Why not getting a little nad 316 and see how they sound with that?
The Studio 60s need a lot of current, plain and simple. No other way around it. If you're looking for a warmer and smoother presentation, an NAD 375/372/370 integrated can drive them pretty well without breaking the bank. NAD seperates may work a bit better, albeit at a higher cost.
I really like Rotel's seperates with them, but that'll give a bit leaner and brighter sound than I think you're looking for.
The Plinius gear as mentioned should sound fantastic too.
Again, I don't think it's the speakers themselves that ate causing the issue, and it seems like you've played with placement too. I'm very confident it's due to the Denon running out of gas. When amps ate pushed too hard (low impedance in this case), the sound gets pretty shrill among other things.
To elaborate on the replies regarding room acoustics I would like to share a piece of info I got directly from Paradigm years ago when I was having the same problem with a pair of Studio 40's.According to thier techs,Paradigm speakers are designed to have the flatest response in an Anochoic Chamber,thus when placed in real world rooms they tend to take on the sonic characteristics of said room.ANY tendancy toward brightness will most certainly be magnified by your speakers.Follow the advice of the members regarding your room acoustics & you may find you like what you hear.Good luck.
The AR91 arrived yesterday and I thought you all would be amused by what I found. I expected, of course that the silk dome tweeters would provide gentler though somewhat less detailed highs than the Studio 60. To my astonishment, the highs seem almost EXACTLY the same in both speakers - in fact the AR91 sound more like the Studio 60 than some other Paradigm models I listened to when visiting a dealer a couple of days ago! It's uncanny that these speakers, separated by 35 years of technology, sound so similar.
The Studio 60 seem to have mellowed a tad in the past couple of weeks - or maybe my ears have broken in, but they, and the AR91, still sound more bright than I would personally like. So I still have a lot of suggestions to follow up on!
I wasn't sure which speakers to sell - I certainly can't keep both. Being an old acoustic suspension system, the AR91 have the advantage of backing right up to the wall without a large effect on sound, an advantage in my small living room, but the Studio 60 would undoubtedly be more reliable being newer and with metal rather than cardboard and foam speaker drivers. The 60's also seem to carry a lot more detail in the sound.
In the end, though, I'll probably keep the AR91, not only because the tattered grills and the burns on the walnut veneer nicely match my bachelor decor, but also because I can get probably get enough $$ by selling the Studio 60 to actually try out some of your great suggestions. I do look forward to playing some more with 'real' audio and am grateful to all of you. The funniest suggestion was that I should just head to Best Buy - but think of the adventure I would have missed!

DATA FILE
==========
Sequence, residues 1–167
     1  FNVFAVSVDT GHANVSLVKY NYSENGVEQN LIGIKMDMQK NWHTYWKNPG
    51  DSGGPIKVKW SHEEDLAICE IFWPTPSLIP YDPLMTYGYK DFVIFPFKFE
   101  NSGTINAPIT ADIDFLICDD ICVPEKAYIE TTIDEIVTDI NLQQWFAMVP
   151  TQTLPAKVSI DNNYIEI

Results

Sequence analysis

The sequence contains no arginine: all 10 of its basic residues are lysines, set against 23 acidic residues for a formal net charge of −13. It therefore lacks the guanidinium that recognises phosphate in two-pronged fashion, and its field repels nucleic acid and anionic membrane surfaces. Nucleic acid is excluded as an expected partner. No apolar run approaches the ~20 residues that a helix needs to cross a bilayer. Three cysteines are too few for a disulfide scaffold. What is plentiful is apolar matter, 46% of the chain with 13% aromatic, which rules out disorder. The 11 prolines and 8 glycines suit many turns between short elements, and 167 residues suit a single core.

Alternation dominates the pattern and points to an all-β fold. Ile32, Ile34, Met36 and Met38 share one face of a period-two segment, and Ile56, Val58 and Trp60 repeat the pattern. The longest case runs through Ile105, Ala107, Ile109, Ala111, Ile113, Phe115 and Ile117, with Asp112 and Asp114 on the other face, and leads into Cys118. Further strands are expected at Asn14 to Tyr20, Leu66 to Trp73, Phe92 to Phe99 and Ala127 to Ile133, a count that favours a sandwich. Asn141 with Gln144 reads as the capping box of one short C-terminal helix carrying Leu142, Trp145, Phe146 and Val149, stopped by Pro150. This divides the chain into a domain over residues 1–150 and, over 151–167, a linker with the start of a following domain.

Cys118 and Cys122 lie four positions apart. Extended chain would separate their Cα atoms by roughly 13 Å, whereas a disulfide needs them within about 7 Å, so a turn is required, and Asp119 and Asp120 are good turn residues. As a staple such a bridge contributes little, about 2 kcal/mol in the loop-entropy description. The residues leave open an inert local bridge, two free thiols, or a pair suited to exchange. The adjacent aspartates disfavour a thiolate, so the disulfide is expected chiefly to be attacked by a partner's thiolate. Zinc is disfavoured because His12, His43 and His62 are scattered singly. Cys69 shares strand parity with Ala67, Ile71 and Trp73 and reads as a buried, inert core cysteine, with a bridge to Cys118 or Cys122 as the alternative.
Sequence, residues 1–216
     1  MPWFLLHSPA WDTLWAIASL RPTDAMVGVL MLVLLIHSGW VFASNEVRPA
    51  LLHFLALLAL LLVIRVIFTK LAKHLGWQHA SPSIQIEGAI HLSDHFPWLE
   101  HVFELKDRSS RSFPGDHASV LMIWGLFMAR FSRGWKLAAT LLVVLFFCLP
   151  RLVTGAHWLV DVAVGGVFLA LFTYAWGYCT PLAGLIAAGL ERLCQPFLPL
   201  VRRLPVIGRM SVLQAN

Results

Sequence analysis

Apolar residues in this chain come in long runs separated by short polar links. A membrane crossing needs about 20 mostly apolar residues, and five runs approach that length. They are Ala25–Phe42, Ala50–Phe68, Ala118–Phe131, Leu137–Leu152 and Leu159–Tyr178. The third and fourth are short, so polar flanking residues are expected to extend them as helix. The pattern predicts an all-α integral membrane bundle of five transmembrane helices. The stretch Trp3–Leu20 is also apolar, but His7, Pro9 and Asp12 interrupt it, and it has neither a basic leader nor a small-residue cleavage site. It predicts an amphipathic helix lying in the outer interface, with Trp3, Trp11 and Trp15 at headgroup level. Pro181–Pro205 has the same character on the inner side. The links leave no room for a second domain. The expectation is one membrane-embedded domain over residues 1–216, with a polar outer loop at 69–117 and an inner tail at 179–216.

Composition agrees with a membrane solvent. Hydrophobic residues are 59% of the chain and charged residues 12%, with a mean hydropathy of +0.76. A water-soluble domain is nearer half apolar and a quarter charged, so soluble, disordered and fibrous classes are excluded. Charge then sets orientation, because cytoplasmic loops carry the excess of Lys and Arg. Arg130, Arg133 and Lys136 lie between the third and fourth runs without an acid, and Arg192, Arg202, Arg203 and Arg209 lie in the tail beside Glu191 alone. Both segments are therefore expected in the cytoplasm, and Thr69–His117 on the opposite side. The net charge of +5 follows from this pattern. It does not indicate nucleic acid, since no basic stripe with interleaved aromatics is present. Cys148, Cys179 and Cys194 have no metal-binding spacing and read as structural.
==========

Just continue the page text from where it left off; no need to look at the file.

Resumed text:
Sounds like your amplifier is the responsible party.
This seems like a reasonably priced tube integrated:
Here is a solid state amplifier which was not fatiguing to me and is a bargain of a price:
The Virtue guys have a good return policy, so if it doesn't solve the problem, return it!
I've had the 60v5's for over a year now,they need a 100 hours breakin.I run a bryston b100 and have none of above problems,the highs radiate up in the air beautifully,the speakers disappear,no fatigue at all.I believe it's the amp as my yamamha dspa1 is unlistenable compared to the bryston.I wouldn't give up on the 60v5's untill you heard them on another amp,I love them.
Bob,I would chuck the home theater amp,like I said my yamaha is unlistenable compared to my bryston on your speakers.For a real cheap fix My brother brought over his new $200. berringer power amp and I ran it through my bryston preamp,unbelievably good on cd sound,not up to the bryston on LP's,but for $200.an awesome bargain.I had the same harsh painful problems with my yamaha on my 60v5's.You want to hear what your 60's sound like with a matching amp and preamp.
Although a HT receiver....denon is known for a very smooth, glare-free somewhat mellow sound...about as smooth as one gets in mainstream gear(much more that Yamaha,etc)...and this goes against the grain of others...but the amp is going to have the least amount of influence here...and not an old school Conrad Johnson...but the Denon i feel is not the culprit...the Paradigms are a very good speaker...and the added resolution they bring can be startling at first...going back to the dealer would be like giving them your checkbook...not sure of your source...but a denon 1650 ar dedicated cdp and some mellow, romatic cables from audioquest,etc would be my suggestion...i have been here before as well...and like you...kind of backed off and went back to a speaker i was familiar with...but be patient...a solution will come...
Hi, Bobaguv: An old school solution, place soft tissue between the tweets and grill. Easy fix and it works. Another thought, have you tried tipping them forward or back?